Now showing 1 - 10 of 13
- PublicationSocial complex contagion in music listenership: A natural experiment with 1.3 million participantsCan live music events generate complex contagion in music streaming? This paper finds evidence in the affirmative—but only for the most popular artists. We generate a novel dataset from a music tracking website to analyse the listenership history of 1.3 million users over a two-month time horizon. We show that attending a music artist's live concert increases that artist's listenership among the attendees of the concert by approximately 1 song per day per attendee (p-value < 0.001). Moreover, this effect is contagious and can spread to users who did not attend the event. However, whether or not contagion occurs depends on the type of artist. We only observe contagious increases in listenership for popular artists (∼0.06 more daily plays per friend of an attendee [p < 0.001]), while the effect is absent for emerging stars. The contagion effect size increases monotonically with the number of friends who have attended the live event.
139Scopus© Citations 8
- PublicationEmergence of world-stock-market networkForty stock market indices of the world with the highest GDP has been studied. We show each market is a part of a global structure, that we call “world-stock-market network”. Where the correlation between two markets is not independent of the correlation between two other markets. Towards this end, we analyze the cross-correlation matrix of the indices of these forty markets using Random Matrix Theory (RMT). We find the degree of collective behavior among the markets and the share of each market in the world global network. This finding together with the results obtained from the same calculation on four stock markets reinforces the idea of a world financial market. Finally, we draw the dendrogram of the cross-correlation matrix to make communities in this abstract global market visible. The results show that the world financial market comprises three communities each of which includes stock markets with geographical proximity.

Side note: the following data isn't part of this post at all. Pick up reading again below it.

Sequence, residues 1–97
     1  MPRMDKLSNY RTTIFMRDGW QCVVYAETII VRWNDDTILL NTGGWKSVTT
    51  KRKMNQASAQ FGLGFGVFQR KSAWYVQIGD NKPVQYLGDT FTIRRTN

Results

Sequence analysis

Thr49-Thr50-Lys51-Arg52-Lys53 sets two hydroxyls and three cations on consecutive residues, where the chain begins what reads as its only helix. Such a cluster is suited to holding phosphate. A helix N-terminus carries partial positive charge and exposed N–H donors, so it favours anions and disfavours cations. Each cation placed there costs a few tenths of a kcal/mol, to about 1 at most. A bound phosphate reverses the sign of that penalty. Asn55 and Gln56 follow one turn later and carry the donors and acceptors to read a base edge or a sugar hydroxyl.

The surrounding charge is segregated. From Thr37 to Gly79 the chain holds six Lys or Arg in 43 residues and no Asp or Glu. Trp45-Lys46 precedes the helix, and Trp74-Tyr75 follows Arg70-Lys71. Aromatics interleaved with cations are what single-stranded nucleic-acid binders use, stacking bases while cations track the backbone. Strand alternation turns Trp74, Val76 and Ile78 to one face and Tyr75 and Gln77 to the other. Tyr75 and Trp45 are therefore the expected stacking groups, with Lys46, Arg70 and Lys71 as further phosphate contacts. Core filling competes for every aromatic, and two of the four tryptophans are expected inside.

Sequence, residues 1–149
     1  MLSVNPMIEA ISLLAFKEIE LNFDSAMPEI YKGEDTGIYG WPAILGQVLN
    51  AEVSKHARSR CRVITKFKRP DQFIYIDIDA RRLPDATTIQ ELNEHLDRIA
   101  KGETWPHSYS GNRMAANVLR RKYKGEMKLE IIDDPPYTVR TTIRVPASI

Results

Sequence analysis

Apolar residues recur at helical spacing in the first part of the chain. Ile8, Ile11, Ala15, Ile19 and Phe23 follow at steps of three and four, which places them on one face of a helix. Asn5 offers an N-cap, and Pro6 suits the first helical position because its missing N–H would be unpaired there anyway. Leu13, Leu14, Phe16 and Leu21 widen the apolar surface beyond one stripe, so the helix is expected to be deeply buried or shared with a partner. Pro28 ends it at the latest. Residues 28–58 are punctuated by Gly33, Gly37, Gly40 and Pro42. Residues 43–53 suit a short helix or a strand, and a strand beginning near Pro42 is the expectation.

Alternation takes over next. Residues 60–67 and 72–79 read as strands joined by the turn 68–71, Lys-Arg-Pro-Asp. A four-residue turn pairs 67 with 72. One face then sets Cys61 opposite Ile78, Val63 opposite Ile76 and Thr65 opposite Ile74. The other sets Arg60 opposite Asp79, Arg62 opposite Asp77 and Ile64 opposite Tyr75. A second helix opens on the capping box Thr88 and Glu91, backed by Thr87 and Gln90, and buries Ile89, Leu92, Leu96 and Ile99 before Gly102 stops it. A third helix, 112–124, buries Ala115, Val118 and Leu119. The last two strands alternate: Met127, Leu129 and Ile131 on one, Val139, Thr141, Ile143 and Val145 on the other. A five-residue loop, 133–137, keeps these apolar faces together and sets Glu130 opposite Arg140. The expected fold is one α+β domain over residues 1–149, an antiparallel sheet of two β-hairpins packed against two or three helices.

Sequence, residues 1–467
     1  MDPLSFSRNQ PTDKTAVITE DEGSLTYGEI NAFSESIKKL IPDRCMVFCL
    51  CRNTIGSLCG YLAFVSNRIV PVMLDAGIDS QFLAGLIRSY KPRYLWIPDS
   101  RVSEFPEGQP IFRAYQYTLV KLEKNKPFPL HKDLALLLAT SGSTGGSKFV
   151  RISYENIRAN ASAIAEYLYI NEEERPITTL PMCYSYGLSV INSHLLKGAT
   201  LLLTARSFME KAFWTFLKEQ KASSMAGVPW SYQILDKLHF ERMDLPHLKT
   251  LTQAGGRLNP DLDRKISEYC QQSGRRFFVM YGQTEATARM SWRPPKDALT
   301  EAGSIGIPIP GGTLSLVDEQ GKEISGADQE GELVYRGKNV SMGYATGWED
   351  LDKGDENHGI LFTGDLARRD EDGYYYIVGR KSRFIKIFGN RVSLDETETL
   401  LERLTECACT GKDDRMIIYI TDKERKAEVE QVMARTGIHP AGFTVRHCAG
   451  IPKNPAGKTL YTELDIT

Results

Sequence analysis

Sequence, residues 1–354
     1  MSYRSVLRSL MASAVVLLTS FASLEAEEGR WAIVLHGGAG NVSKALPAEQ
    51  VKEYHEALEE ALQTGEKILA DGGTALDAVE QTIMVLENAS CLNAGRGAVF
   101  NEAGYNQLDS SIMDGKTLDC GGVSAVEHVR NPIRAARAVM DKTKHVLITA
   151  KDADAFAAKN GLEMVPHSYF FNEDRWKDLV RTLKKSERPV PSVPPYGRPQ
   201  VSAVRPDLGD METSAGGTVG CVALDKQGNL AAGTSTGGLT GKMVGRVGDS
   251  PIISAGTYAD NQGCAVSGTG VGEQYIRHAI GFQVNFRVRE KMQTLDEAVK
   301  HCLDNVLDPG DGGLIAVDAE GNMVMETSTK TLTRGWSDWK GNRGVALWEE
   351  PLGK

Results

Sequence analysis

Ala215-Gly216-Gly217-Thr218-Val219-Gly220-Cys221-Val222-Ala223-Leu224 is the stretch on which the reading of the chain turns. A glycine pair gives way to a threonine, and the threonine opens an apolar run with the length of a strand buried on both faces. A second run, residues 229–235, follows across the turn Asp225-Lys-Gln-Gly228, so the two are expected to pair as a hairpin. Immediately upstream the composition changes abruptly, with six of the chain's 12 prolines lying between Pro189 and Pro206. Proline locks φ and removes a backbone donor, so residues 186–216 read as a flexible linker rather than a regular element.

140Scopus© Citations 16
- PublicationDetecting weak and strong Islamophobic hate speech on social mediaIslamophobic hate speech on social media is a growing concern in contemporary Western politics and society. It can inflict considerable harm on any victims who are targeted, create a sense of fear and exclusion amongst their communities, toxify public discourse and motivate other forms of extremist and hateful behavior. Accordingly, there is a pressing need for automated tools to detect and classify Islamophobic hate speech robustly and at scale, thereby enabling quantitative analyses of large textual datasets, such as those collected from social media. Previous research has mostly approached the automated detection of hate speech as a binary task. However, the varied nature of Islamophobia means that this is often inappropriate for both theoretically informed social science and effective monitoring of social media platforms. Drawing on in-depth conceptual work we build an automated software tool which distinguishes between non-Islamophobic, weak Islamophobic and strong Islamophobic content. Accuracy is 77.6% and balanced accuracy is 83%. Our tool enables future quantitative research into the drivers, spread, prevalence and effects of Islamophobic hate speech on social media.
477Scopus© Citations 72